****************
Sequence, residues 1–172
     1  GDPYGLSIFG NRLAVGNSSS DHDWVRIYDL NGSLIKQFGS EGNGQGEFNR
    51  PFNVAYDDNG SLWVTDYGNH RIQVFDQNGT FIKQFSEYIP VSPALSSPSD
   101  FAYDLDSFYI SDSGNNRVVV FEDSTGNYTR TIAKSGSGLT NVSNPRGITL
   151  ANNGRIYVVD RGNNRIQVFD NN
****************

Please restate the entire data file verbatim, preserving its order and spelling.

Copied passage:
Sequence, residues 1–172
     1  GDPYGLSIFG NRLAVGNSSS DHDWVRIYDL NGSLIKQFGS EGNGQGEFNR
    51  PFNVAYDDNG SLWVTDYGNH RIQVFDQNGT FIKQFSEYIP VSPALSSPSD
   101  FAYDLDSFYI SDSGNNRVVV FEDSTGNYTR TIAKSGSGLT NVSNPRGITL
   151  ANNGRIYVVD RGNNRIQVFD NN